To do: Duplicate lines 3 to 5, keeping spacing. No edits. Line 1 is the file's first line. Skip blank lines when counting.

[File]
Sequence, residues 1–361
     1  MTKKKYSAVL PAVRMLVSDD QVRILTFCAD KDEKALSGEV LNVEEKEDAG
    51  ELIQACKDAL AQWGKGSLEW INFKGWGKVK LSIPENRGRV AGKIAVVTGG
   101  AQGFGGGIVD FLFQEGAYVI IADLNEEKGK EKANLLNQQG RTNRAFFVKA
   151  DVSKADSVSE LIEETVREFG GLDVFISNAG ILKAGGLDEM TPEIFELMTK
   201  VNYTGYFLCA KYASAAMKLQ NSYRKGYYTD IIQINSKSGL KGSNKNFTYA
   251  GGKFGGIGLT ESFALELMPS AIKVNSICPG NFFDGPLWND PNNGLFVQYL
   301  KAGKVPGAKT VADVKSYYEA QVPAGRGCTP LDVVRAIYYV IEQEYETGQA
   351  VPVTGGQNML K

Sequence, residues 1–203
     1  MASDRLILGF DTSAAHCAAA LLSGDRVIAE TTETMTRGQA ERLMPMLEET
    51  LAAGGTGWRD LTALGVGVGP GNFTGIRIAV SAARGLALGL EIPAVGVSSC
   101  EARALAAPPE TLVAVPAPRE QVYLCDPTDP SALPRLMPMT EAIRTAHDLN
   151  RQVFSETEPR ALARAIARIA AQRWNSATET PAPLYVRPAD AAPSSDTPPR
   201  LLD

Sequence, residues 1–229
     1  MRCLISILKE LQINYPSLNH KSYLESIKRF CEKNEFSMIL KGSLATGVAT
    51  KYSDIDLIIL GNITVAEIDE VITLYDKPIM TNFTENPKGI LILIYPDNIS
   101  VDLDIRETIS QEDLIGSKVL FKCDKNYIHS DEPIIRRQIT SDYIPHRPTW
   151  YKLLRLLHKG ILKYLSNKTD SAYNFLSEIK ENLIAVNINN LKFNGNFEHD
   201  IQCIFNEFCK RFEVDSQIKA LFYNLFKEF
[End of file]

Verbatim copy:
    51  ELIQACKDAL AQWGKGSLEW INFKGWGKVK LSIPENRGRV AGKIAVVTGG
   101  AQGFGGGIVD FLFQEGAYVI IADLNEEKGK EKANLLNQQG RTNRAFFVKA
   151  DVSKADSVSE LIEETVREFG GLDVFISNAG ILKAGGLDEM TPEIFELMTK